“It’s exciting and inspiring that these art pieces were created in a public forum where Stampede guests could watch them come to life,” Roc Spence, Calgary Stampede board member and long-time supporter of the Calgary Stampede Foundation, said while attending the private unveiling of two donated art pieces to ENMAX Park’s Sweetgrass Lodge. “Stampede Park has a lot of great public art pieces, but there’s something so captivating about watching pageantry in play.”
Amy Dryer and Bonnie MacRae-Kilb were participants of the Calgary Stampede’s 2016 Artist Ranch Project, where they had the unique privilege of creating works of art in the hustle and bustle of Stampede Park, during the first official Indian Village Opening Ceremonies in Indian Village’s new home in ENMAX Park.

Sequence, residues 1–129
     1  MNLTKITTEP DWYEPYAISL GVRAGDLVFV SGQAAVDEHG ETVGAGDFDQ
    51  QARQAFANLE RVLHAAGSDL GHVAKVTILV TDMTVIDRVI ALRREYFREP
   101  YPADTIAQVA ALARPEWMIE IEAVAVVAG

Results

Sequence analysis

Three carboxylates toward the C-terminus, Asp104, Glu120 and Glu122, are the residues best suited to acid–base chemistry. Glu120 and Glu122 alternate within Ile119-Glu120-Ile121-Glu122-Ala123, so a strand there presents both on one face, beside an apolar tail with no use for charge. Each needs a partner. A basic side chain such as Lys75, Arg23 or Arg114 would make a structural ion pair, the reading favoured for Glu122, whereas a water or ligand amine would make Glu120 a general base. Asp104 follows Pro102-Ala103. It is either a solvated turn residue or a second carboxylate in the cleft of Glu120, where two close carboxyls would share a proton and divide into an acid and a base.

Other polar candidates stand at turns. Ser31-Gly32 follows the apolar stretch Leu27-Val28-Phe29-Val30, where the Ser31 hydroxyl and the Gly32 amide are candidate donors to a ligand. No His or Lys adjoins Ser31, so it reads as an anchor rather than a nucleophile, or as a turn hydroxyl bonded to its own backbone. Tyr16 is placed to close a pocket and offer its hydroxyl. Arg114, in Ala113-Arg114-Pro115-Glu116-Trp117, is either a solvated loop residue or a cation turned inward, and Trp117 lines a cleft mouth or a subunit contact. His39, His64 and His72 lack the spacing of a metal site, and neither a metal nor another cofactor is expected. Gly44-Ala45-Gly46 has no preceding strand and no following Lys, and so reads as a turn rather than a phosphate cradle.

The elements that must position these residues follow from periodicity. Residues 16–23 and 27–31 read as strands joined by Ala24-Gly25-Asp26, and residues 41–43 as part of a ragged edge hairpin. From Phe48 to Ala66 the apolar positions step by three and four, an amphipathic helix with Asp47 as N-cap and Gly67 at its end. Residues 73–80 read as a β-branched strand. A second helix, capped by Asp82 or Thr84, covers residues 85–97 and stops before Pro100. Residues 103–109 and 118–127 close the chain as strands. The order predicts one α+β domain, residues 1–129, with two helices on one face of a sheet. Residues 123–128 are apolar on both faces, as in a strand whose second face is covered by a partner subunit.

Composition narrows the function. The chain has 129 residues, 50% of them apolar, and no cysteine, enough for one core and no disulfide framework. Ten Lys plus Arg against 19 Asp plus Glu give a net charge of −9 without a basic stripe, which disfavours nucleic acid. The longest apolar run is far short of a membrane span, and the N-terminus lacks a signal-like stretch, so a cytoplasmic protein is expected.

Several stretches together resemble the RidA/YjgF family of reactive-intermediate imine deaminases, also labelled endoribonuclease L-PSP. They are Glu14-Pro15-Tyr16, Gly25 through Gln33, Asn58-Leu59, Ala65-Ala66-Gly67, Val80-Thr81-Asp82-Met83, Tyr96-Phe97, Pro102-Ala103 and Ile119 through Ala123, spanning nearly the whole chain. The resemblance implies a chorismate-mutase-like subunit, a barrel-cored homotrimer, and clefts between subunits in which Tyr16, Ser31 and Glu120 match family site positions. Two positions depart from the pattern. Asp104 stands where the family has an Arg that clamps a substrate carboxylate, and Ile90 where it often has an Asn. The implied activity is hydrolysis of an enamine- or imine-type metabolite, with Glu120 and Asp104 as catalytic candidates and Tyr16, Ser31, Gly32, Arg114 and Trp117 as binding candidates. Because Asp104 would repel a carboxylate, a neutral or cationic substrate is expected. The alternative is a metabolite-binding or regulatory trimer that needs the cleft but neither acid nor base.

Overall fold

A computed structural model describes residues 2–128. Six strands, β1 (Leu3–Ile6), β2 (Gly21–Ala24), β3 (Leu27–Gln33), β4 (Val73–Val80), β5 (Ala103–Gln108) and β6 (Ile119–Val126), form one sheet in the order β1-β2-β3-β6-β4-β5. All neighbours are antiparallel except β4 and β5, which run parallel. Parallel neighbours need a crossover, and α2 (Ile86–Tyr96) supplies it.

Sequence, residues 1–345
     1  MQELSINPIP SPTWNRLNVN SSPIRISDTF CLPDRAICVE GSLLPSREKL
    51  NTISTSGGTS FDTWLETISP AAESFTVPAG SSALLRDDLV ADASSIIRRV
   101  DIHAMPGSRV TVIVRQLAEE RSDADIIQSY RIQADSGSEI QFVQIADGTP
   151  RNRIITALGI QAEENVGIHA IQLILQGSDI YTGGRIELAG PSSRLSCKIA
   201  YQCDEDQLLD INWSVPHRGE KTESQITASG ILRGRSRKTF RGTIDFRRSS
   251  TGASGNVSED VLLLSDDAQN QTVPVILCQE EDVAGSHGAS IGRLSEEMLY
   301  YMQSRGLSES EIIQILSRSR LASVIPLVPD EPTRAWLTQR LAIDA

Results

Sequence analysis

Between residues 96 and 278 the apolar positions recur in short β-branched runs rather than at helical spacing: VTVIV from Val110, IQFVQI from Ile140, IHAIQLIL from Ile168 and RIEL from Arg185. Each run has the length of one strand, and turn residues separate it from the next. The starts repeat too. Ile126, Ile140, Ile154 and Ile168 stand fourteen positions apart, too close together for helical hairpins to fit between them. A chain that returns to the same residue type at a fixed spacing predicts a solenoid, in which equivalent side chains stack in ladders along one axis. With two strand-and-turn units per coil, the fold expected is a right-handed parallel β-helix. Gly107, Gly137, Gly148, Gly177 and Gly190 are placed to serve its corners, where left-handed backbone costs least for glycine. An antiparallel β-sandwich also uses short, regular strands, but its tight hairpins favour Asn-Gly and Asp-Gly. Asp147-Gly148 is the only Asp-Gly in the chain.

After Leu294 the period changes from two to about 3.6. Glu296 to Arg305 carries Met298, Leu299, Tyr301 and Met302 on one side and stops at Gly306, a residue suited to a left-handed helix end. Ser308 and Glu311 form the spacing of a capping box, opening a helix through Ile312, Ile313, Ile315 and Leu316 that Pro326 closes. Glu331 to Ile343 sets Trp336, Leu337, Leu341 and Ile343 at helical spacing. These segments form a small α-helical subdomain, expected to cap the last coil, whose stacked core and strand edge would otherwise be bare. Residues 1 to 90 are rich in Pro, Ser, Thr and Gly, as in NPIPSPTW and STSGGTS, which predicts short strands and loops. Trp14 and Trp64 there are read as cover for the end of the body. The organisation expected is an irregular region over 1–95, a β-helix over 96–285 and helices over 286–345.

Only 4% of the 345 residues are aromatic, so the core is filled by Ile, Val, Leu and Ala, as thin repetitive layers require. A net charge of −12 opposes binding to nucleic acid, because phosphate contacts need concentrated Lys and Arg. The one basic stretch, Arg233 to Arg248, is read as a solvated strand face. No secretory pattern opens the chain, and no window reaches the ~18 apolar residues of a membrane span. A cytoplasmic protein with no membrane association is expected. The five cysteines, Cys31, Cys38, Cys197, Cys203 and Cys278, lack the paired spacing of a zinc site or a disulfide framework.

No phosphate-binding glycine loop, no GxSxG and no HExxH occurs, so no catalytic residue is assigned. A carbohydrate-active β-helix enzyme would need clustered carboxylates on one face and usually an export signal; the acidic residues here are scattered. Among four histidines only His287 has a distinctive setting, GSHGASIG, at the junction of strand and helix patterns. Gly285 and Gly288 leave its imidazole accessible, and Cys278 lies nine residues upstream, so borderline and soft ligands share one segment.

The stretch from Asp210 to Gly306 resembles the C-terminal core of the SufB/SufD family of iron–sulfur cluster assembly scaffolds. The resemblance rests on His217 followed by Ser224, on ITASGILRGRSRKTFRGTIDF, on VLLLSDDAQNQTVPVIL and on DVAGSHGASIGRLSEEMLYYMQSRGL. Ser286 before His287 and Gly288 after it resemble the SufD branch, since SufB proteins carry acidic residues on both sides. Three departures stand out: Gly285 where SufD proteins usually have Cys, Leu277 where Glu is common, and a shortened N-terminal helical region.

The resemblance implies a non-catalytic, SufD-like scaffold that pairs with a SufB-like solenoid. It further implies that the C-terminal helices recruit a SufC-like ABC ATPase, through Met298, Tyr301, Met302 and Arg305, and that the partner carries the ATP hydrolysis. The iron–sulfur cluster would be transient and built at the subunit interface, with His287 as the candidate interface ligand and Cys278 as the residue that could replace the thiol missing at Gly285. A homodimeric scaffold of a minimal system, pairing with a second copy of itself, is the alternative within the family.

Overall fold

Spence was immediately drawn to MacRae-Kilb’s piece; he decided to purchase it and donate it to the Calgary Stampede Foundation. Dryer’s experience was so meaningful that she knew the only suitable home for the piece would be at Stampede Park, thus she also chose to donate her piece to the Stampede Foundation.
Dryer, Spence, and MacRae-Kilb and her family, attended a small, private unveiling of their artwork in their new home in Sweetgrass Lodge on Friday, February 9, along with members of the Calgary Stampede Foundation. While standing in the room, each artist reflected back on the journey of turning a blank canvas into a meaningful work of art.